Furthermore, if you are going to be truly self-reliant as far as food, you will have to add dairy, eggs and meat products, as well as vegetables, fruits and grains. It’s true that a co-op styled community system can grow far more food that either a single family farm or even a big corporate farm can, but you’ve got to figure on way more land than you’ve got pictured.

    I honestly do not think you can be a self reliant community on anything less than about two acres per household or one acre per adult.

    I hate to tell you this, but the real facts of life are by the time you figure out how grow potatoes, garlic, onions and carrots in a vertical wall of water-filled plastic tubes, you will have spent a small fortune on plastic, pumps and aeroponic hose emitters and pumped several hundred pounds of questionable chemicals into the water growing the food you intend to eat. That sort of food-growing operation is not very “sustainable” but it sure does make lots and lots of money for the folks selling hydroponic grow systems to the public.

    By the way, if children are going to live in your community then they’ll need milk to grow strong bones and teeth. That means you’ll need either dairy cows or goats. To be self-sufficient in food, you’ll need poultry, pork and beef animals too. And you’ll need to figure out how to feed those animals along with what to do with their waste. Those animals are necessary because if you intend to grow organic food, you are going to need to compost animal manures. Otherwise, you’ll just be buying more chemical fertilizers.

    Folks can beat their drums for a vegetarian or vegan lifestyle all they want to, but the facts are most people eat meat. From the looks of things you plan on limiting your self-sufficient community dreams to only vegans and vegetarians. If so, it’s my guess that you’ll end up with no more than about 20% of the population being men. Most men still want their meat and potatoes and they will refuse to live in any self sufficient agro-community that doesn’t include eating meat. It’s just a fact of life…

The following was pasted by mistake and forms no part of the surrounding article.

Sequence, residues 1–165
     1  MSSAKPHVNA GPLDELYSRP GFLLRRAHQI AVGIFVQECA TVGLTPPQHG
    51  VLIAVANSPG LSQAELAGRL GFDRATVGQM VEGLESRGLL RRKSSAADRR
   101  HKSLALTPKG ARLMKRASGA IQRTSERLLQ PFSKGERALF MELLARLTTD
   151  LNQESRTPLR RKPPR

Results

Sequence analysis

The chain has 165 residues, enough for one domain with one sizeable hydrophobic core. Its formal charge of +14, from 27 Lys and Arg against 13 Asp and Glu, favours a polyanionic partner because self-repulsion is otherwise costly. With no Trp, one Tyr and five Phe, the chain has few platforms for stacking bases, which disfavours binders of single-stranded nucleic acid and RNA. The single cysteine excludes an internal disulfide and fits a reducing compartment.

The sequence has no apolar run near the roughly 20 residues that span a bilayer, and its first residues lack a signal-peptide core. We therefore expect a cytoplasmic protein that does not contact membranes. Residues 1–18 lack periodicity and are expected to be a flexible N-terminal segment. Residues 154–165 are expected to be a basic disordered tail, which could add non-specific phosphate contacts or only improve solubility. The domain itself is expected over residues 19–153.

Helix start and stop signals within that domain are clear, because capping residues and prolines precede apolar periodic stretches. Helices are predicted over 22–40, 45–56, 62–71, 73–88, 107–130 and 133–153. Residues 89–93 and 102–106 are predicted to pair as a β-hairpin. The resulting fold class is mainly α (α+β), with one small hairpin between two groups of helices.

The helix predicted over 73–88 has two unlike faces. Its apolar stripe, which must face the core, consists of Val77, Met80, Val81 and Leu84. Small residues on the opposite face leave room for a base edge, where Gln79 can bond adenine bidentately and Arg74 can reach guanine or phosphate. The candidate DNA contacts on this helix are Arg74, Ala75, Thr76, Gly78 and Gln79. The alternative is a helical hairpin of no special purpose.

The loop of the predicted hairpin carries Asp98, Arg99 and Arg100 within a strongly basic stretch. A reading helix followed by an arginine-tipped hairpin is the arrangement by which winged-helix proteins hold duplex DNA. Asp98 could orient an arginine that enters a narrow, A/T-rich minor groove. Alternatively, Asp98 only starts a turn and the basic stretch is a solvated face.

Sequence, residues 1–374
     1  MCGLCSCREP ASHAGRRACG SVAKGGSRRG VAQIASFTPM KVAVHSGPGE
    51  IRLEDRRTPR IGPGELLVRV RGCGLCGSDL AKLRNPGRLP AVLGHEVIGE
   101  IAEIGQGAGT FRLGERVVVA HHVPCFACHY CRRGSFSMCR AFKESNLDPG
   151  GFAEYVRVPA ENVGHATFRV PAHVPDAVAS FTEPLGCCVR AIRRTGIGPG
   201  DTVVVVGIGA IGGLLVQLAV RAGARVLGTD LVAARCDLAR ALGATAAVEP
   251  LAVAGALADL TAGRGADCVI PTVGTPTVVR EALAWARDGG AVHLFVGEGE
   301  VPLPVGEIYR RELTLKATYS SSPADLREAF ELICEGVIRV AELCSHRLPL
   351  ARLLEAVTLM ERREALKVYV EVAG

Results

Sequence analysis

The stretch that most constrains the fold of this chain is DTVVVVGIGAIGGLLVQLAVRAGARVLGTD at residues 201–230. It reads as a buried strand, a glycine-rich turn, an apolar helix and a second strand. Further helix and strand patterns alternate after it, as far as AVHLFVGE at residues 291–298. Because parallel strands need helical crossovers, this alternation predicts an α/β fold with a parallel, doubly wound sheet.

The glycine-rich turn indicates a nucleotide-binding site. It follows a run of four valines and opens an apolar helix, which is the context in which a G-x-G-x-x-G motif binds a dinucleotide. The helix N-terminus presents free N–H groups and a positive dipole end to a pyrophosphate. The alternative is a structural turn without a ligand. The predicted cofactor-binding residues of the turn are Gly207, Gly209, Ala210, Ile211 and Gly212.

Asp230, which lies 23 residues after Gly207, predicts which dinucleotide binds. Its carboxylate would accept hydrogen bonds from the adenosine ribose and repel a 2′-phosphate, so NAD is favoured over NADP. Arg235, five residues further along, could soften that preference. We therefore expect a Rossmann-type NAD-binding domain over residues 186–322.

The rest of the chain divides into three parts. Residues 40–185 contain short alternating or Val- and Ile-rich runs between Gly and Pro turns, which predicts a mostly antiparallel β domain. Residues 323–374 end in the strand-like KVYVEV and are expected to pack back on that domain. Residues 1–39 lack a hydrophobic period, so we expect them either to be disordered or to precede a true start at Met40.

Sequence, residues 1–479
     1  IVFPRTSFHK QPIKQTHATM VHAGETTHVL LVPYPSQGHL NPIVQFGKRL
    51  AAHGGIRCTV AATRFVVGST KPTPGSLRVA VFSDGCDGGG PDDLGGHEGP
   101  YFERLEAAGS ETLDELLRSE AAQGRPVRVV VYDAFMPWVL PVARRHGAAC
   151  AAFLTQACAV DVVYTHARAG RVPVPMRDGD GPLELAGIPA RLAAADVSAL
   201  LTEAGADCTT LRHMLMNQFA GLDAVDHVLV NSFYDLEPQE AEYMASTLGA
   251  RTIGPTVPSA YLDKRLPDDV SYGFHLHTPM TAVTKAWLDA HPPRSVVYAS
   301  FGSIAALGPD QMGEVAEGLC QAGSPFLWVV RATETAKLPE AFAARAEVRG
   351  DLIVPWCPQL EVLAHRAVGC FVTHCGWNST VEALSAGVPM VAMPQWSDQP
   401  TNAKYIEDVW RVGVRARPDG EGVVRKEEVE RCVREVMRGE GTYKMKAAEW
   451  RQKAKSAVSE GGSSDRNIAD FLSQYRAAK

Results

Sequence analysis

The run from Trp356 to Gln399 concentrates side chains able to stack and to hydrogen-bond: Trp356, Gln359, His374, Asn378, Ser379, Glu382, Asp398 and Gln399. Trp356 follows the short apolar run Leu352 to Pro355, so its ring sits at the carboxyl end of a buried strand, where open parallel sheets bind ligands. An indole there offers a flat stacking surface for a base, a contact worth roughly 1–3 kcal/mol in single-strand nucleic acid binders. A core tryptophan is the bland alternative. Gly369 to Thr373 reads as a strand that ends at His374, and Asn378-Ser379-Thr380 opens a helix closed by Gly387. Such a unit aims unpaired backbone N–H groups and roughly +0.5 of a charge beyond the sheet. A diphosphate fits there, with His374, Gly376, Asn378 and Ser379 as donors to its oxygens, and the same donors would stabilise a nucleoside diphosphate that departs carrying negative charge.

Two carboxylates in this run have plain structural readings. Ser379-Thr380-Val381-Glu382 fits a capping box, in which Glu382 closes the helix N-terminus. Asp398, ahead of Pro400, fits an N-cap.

Designing truly self-reliant, sustainable eco-friendly communities is actually far more involved than what you have planned, but you are certainly heading in the right direction. It takes a lot of thought to come up with a plan that is actually workable. You’ve obviously boiled it down to “the big four” (food, shelter, water and energy) but trust me, if you forget sewage treatment none of it is going to fly.

    • I think it is a great concept. More anything thing we need to go forward. No plan is perfect. But, the plan is the start. I started with a plan and worked out the issues as they came up. You don’t hundreds of homes to to make a self sustainable community. You need to get to work and make it happen. I started St. Michael’s sustainable community in Costa Rica. We have heard of cattle, horses, sheep, chickens, springs for water, gardens, acres of corn, rice, and beans. The infrastructure was not difficult. Our farm run from 1.5 acres to over 8 acres. We use septic systems with plants to treat waste water. None of which are near our drinking water. We are still on the grid for power but, hope to have solar systems in place to be completely off the gird. One thing that I found that helps productivity is having two people responsible for all of the gardening, fish ponds, and animals. Those two people on our 98.5 acres produce more than enough food to feed our community. We sell the rest. If you plan you can do it. The hardest part is taking the leap of faith. This community is also all ocean view and selling for under $1 a sq foot.

      Justin Dolan

  2. i would love to do this i have so many ideas about farming like if people have pets the number 2 can be used for fertilizer not much differant than cow manure. or have some yards that have cows and some that house the chickens and some that have pigs and so on. you could even have a butcher on site in a house so it can actually be like a small community. wow the perfect life lol. maybe even private security in smart cars ran off of water or corn . i can see it now. i am actually excited about this project to bad i am in no shape or form to help out maybe the security part ex military. send me more info on price and specs and maybe we can do something.